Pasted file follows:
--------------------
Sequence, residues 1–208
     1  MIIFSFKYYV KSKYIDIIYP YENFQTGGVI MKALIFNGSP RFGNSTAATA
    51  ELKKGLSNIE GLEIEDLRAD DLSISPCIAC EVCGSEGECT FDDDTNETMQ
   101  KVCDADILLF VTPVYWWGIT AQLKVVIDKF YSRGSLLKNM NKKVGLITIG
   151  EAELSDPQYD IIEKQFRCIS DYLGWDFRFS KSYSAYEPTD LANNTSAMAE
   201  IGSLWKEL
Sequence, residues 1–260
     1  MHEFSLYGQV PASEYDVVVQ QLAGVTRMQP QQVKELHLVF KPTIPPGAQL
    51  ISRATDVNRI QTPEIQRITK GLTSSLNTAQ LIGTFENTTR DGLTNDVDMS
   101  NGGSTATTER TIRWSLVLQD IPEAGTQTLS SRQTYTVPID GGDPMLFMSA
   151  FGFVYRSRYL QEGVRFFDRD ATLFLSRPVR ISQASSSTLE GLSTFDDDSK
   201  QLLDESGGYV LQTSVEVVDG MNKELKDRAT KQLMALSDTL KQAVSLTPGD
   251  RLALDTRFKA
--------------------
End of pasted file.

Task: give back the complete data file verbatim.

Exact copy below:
Sequence, residues 1–208
     1  MIIFSFKYYV KSKYIDIIYP YENFQTGGVI MKALIFNGSP RFGNSTAATA
    51  ELKKGLSNIE GLEIEDLRAD DLSISPCIAC EVCGSEGECT FDDDTNETMQ
   101  KVCDADILLF VTPVYWWGIT AQLKVVIDKF YSRGSLLKNM NKKVGLITIG
   151  EAELSDPQYD IIEKQFRCIS DYLGWDFRFS KSYSAYEPTD LANNTSAMAE
   201  IGSLWKEL
Sequence, residues 1–260
     1  MHEFSLYGQV PASEYDVVVQ QLAGVTRMQP QQVKELHLVF KPTIPPGAQL
    51  ISRATDVNRI QTPEIQRITK GLTSSLNTAQ LIGTFENTTR DGLTNDVDMS
   101  NGGSTATTER TIRWSLVLQD IPEAGTQTLS SRQTYTVPID GGDPMLFMSA
   151  FGFVYRSRYL QEGVRFFDRD ATLFLSRPVR ISQASSSTLE GLSTFDDDSK
   201  QLLDESGGYV LQTSVEVVDG MNKELKDRAT KQLMALSDTL KQAVSLTPGD
   251  RLALDTRFKA